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Mercedes-AMG GT R review: 4.5/5

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We hitch a ride around the Nürburgring in the 2017 Mercedes-AMG GT R.

Kyle Fortune

Words:

Published on: September 14, 2016

Words:

Published on: September 14, 2016

Tech Specs

Model testedMercedes-AMG GT R
Engine4.0-litre V8 twin-turbocharged petrol
Transmissionseven-speed dual-clutch automatic, rear-wheel drive
Body styletwo-door, two-seat coupe
CO2 emissions259g/km (Band G, €2350 per annum)
Combined economy34.4mpg (11.4 litres/100km)
Top speed318km/h
0-100km/h3.6 seconds
Power585hp at 6,250rpm
Torque700Nm at 1,900- to 5,500rpm
Boot space350 litres
Kerb weight1,630kg
EuroNCAP ratingnot tested

Wrong seat, but right place, as we ride around the Nürburgring in AMG's new GT R coupe, a track-honed GT that's got the Porsche 911 GT3 RS in its crosshairs.

In the Metal:

It's metals, plural here and indeed carbon fibre, as the Mercedes-AMG GT R is a multi-material build that's part periodic table in its pursuit of speed. There are carbon fibre front wings; a steel bonnet with a magnesium structure ahead of it; the roof is carbon fibre, the rear wings aluminium; and those wings are wider front and rear to accommodate the GT R's wider track and standard 20-inch wheels. The front grille apes that of the 300SL that competed in the 1952 Carrera Panamericana race in Mexico, and it's also a nod to its AMG GT3 track relation, which, aside from some numbers on the side, sponsor stickers and a few bits of aero, it resembles.

Unlike the racer there's active aero here, a device popping down at over 80km/h (when Race mode is selected) creating a Venturi effect underneath, improving both front-axle downforce and stabilising the rear by managing the airflow underneath and through the double diffuser at the back. That also usefully improves cooling at the rear transaxle, as those holes between the lights help vent the heat from the transmission and differential, and from the titanium exhaust. There are forged aluminium hubs and wishbones, the rear fixings are ball jointed with no bushing for precision, while the coil-over spring and damper set up offers manual adjustment on the springs, as well as the familiar three-stage Comfort, Sport and Sport+ damping choices via a button in the centre console. Inside, that centre console itself is still a bit of a mess ergonomically, though the rest of the cabin builds on the racing theme, with deeply bolstered bucket seats and GT R specific displays in the centre screen, as well as between the instruments. There's a new dial with nine settings on it for the traction control, allowing everything from bolted down in the wet, to as wild as you like.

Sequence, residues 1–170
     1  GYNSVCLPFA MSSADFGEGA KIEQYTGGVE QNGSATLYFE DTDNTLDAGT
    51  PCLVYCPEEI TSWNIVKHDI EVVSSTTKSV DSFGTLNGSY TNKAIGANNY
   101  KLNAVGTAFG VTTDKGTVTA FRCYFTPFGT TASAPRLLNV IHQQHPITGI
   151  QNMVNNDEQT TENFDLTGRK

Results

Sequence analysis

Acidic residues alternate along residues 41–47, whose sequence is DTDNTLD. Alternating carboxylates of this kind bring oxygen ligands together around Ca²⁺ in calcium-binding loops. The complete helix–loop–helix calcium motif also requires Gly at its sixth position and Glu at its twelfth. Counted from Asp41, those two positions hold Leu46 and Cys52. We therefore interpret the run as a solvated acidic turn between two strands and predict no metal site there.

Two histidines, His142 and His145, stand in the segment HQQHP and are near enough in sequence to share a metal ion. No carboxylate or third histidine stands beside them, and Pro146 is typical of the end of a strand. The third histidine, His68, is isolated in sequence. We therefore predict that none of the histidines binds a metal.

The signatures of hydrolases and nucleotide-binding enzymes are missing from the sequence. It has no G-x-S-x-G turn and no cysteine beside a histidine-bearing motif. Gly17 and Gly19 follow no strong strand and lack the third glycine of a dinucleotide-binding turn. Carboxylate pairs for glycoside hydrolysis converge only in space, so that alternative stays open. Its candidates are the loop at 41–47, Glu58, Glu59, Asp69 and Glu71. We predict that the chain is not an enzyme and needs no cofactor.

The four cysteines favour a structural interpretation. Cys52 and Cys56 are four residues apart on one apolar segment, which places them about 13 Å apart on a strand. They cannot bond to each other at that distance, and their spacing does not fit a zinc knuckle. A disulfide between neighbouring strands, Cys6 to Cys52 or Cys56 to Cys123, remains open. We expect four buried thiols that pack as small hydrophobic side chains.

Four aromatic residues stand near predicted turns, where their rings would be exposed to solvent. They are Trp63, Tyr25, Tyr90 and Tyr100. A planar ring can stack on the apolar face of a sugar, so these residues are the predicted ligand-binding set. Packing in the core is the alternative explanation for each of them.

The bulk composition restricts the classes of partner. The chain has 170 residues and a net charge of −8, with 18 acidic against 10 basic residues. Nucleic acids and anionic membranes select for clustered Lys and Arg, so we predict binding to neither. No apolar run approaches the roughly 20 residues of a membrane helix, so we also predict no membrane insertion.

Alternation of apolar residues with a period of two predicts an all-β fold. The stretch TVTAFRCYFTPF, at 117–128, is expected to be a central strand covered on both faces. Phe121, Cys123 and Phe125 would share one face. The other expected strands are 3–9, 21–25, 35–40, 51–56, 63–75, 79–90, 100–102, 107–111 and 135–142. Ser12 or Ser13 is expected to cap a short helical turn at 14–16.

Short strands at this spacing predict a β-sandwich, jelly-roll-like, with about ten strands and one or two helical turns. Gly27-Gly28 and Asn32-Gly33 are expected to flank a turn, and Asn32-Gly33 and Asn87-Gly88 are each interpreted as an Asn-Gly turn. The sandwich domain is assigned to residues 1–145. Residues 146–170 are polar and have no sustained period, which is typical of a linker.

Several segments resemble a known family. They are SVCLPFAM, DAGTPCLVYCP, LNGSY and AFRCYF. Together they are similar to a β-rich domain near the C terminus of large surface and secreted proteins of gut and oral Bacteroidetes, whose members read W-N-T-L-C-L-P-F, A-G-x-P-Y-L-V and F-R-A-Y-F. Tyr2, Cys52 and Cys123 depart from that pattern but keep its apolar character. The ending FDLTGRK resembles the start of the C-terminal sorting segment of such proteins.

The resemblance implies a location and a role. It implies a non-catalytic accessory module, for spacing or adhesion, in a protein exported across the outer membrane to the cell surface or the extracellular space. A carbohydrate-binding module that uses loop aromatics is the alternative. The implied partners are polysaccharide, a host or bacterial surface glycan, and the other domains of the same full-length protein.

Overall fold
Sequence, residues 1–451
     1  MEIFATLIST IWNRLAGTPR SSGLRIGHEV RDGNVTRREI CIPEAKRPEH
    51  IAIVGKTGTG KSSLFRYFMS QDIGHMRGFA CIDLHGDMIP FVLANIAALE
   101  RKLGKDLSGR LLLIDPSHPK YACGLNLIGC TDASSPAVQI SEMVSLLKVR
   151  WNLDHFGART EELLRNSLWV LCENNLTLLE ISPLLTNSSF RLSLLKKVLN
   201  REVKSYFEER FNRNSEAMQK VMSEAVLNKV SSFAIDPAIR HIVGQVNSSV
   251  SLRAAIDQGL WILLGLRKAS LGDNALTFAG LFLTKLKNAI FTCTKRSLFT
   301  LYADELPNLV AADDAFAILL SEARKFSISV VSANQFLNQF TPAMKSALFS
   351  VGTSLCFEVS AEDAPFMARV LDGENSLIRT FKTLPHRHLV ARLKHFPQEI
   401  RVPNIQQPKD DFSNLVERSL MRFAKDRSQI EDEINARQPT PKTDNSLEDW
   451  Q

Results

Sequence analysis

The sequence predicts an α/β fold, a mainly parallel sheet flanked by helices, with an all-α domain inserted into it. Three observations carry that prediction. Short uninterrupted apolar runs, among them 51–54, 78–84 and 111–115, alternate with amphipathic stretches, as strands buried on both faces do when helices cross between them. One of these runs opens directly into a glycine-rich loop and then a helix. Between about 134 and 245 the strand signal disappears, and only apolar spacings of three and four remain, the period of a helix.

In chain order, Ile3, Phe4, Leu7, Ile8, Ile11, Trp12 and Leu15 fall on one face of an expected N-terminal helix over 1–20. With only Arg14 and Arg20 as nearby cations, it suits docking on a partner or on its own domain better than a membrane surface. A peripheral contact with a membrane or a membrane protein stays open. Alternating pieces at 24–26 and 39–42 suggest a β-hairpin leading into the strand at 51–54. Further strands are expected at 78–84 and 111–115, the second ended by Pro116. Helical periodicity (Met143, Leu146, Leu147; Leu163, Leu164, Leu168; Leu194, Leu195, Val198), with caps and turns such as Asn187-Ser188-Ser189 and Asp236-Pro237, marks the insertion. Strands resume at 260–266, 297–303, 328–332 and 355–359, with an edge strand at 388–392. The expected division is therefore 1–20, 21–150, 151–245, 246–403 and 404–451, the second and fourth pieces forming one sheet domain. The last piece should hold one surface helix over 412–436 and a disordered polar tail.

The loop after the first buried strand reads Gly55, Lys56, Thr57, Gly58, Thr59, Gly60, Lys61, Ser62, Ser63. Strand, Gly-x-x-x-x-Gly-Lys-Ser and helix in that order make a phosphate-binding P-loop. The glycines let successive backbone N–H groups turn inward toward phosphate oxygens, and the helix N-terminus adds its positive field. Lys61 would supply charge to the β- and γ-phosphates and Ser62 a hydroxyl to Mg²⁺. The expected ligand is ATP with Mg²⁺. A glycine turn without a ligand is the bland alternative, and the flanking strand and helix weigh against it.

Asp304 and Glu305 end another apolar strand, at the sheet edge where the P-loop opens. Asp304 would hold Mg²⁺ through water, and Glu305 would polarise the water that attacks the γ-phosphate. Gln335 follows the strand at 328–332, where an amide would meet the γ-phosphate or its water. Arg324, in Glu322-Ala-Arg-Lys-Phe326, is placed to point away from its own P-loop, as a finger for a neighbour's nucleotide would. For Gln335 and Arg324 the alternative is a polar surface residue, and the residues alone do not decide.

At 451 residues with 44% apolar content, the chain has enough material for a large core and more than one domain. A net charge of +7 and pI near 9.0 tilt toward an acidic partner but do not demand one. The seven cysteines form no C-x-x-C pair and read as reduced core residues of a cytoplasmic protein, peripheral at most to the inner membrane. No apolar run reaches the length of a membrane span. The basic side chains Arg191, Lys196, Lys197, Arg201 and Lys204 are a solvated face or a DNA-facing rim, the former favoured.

For all the weight removed a fair bit has been put back in, such as the rear-wheel steering system, some additional cross bracing at the rear, the wider body and aero elements. AMG's people have only added mass where the advantages significantly outweigh the additional weight. Even so, the GT R is some 15kg lighter than the standard GT S, has 155kg more downforce at v-max, is 75hp more powerful and retains a coefficient of drag that's better than its regular relation. Detail stuff, that's all been done with one goal, to increase focus, speed and agility, giving AMG a track-biased rival to Porsche's 911 GT3 RS.


Driving it:

We didn't drive the car; let's get that clear from the off. But when you've got the Nürburgring closed, AMG's hottest new car and Thomas Jäger, AMG racer and the fella who has done most of the development driving of the GT R, then the passenger seat's just fine. His credentials are bang on; he races the GT R's track relation and is more comfortable around the Nürburgring at race speeds between bedtime and breakfast in the pitch dark than you are sleeping on your memory foam mattress. He's won races here, so it's safe to say he knows where each corner goes. Good thing too given the speeds the GT R is able to carry. Having driven a GT S a few weeks earlier the forceful shove and charismatic bark from the 4.0-litre V8 is still fresh in my memory, only here in the GT R there's more of both. Power is up thanks to new engine management, improved cooling and breathing as well as revised turbos, their internals spinning faster, while the V8 also revs more freely thanks to a lighter flywheel. The result, thanks in no small part to the titanium exhaust, is sensational, the V8 roaring with a racer's edge and providing even more prodigious pace.